Rick Tash is the primary caregiver of his wife, Bambi Fass, who is dying of cancer. (still)
A new short film by Dr. Jessica Zitter and Kevin Gordon gives an intimate look at the toll involved in caring for a loved one at the end stages of their life.
Zitter happened upon palliative care, she said, before “anyone even knew how to spell the word ‘palliative,’” after she had “finally realized I’d been feeling a lot of burning walls of stress in the way that I had been practising medicine.”
A physician in Northern California, Zitter said, “I’d been treating patients like objects on a conveyor belt, instead of as people, and then began to practise, for the next two decades, palliative care and critical care at the same time, providing me with a strange vantage point within the world of medicine.
“I was inspired to write and share stories about what’s going on in hospitals, and about how we’re treating the seriously ill among us … and I also continue practising medicine.”
Zitter at first opted to educate the public via books, but then she encountered the power of film. “I realized, all these messages I’m trying to get across to people – about medical culture and about what we want to think about differently – they’d lend themselves so well to film, to show the experience of the patient. If a picture is worth 1,000 words, I realized that a movie is worth much more than 1,000 pictures.”
In the 24-minute Caregiver: A Love Story, the audience meets a woman Zitter met at synagogue, Bambi Fass, and Fass’s husband, Rick Tash. Fass was dying of cancer and Zitter offered palliative care, but was refused, until Fass’s condition became dire.
“She called me and she was extremely sick and had deteriorated,” Zitter told the Independent. “She said she needed help and, that day, we got her into hospice care. She was so, so sick and in so much pain and suffering. That day, her life turned around for the better. All of a sudden, she was living again.”
That is when Zitter asked Fass if she would be willing to be filmed. “She replied, ‘I want to help someone else … if you want to write about me or anything.’ She knew about my book. That’s when we got a film crew. I thought the film would be about her, an amazing woman. What I didn’t realize then is that it would actually end up being about her husband as the main focus. I thought he was just going to be the guy who opens the door for the hospital, but he ended up being a central character.”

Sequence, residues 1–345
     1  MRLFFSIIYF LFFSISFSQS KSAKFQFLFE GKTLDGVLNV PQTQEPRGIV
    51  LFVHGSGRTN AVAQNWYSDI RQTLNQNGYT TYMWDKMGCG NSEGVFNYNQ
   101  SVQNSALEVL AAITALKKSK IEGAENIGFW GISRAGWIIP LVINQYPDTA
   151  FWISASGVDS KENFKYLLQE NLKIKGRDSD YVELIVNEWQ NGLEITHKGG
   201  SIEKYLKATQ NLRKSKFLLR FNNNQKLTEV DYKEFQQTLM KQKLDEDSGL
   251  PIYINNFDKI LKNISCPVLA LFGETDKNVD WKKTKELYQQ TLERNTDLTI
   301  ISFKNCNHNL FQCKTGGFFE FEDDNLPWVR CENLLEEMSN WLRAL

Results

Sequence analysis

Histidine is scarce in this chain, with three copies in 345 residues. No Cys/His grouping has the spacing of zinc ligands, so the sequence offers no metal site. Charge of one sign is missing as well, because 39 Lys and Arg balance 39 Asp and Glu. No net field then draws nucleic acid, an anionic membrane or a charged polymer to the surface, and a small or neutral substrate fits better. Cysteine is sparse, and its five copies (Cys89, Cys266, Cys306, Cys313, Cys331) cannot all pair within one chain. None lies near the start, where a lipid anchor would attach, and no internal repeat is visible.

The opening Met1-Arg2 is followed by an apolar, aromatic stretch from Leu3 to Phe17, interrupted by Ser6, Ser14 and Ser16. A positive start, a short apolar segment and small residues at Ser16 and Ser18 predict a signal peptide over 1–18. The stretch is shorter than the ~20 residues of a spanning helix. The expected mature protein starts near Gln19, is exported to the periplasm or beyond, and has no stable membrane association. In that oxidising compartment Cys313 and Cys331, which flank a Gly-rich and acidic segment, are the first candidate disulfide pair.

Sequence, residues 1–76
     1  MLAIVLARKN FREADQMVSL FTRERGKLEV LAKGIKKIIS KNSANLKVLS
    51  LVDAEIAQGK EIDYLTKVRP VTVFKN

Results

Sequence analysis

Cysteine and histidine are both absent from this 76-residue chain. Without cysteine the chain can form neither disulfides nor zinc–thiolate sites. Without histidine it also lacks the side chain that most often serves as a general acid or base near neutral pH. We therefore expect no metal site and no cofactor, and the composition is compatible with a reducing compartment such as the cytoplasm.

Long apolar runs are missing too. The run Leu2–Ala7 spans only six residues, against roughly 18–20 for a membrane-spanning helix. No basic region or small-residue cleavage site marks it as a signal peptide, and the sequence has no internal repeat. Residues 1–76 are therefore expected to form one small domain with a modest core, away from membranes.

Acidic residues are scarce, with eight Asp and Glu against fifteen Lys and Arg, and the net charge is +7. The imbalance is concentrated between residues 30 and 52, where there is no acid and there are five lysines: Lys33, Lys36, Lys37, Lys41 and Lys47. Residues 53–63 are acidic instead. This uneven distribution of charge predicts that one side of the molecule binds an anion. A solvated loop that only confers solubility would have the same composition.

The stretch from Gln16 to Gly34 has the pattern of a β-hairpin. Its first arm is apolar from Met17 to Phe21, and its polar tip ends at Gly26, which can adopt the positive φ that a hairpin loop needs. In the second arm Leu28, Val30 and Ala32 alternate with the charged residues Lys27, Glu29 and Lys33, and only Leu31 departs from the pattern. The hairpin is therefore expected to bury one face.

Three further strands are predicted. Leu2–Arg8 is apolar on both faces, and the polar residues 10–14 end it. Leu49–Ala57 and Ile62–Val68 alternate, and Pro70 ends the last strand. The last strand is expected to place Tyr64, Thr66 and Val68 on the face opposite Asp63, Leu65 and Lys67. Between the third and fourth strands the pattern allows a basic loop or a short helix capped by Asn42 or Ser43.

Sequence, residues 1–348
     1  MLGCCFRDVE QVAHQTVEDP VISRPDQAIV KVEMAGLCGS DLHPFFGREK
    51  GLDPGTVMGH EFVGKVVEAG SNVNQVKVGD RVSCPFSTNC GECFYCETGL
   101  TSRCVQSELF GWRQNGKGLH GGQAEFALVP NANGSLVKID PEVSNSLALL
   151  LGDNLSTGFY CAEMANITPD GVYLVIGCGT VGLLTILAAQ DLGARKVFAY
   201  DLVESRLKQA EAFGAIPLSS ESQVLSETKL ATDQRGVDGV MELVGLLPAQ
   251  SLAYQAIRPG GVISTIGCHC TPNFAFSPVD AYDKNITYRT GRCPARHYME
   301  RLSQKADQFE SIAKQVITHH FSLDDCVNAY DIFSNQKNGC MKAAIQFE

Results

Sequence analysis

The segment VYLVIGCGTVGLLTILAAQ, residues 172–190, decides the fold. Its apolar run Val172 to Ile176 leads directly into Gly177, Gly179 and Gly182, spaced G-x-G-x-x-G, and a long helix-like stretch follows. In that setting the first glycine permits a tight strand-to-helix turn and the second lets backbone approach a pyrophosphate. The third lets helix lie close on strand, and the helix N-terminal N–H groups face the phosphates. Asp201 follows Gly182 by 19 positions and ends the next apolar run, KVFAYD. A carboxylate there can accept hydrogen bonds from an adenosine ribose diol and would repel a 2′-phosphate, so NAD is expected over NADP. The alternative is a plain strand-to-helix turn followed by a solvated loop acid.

Fass had sat a few rows in front of Zitter at their synagogue. “She had a long braid of hair,” recalled Zitter. “I’d always see it from behind. I didn’t know her really, but I did wonder…. She was very, very sick…. I knew she was, because she had brain metastasis. She was vivacious and funny. She was staring her death in the face and she still had a sense of humour. She was a hero, a really fascinating character.”
It took almost two years to put the movie together and to fully grasp the importance of sharing it with the world.
“I never realized – the invisible public health crisis, family caregiver burden – how much this story needed to be told,” said Zitter. “The original intention I had for this film was to show how, once you make the right decision, everything will be OK…. I then realized how naïve that message was. It’s not that easy. You can make decisions that feel like they’re going to be the right choice for the patients, but will it be the right choice for the family as a whole? We have to be much more holistic when we think about our patients. It really needs to include our families as well.
“Even in a loving, caring and organized community like ours, we aren’t necessarily focusing on and supporting the family caregivers among us,” said Zitter. “And there are a lot of family caregivers – rising numbers – with very little support. An organized community has been unable to attend to this man [Tash] who is deteriorating in front of our eyes, because they don’t know what to do with him. We’re not primed to think about caregiver burden as an urgent task.”
Zitter found that her synagogue had no committee to assist family caregivers, and her hospital community was also not paying attention to caregivers.
“They’re an invisible workforce that we don’t pay attention to,” said Zitter. “We don’t attend to them, we don’t think about them, we don’t identify them, we don’t include them in the conversation. But they’re a huge part of our workforce … and we’re just ignoring them.”
Zitter’s hope is that people from various communities, including synagogues, churches and mosques, will watch this movie and then establish a workshop for family caregivers and identify ways to support caregivers. To that end, she has created a keynote message and an hour-long program to raise awareness of this crisis and do something about it.
“The best place to start is at caregiveralovestory.com,” she said. “You can go on the website and see public screenings that are coming up and other ways to watch the film yourself, whether bringing it to your organization or watching it privately.”
Currently, Zitter is working on a film about deathbed spirituality and prayer, as well as on a movie about Ethan Sisser, a Jewish Buddhist.
“Ethan was an amazing, amazing guy,” said Zitter. “He died about two or three months ago. He has a community following on social media. A lot of young people were just so moved by the way he viewed his death and the bravery and beauty of his final days…. We’re making a film about him, which will be beautiful and, hopefully, you’ll see that soon.”
Rebeca Kuropatwa is a Winnipeg freelance writer.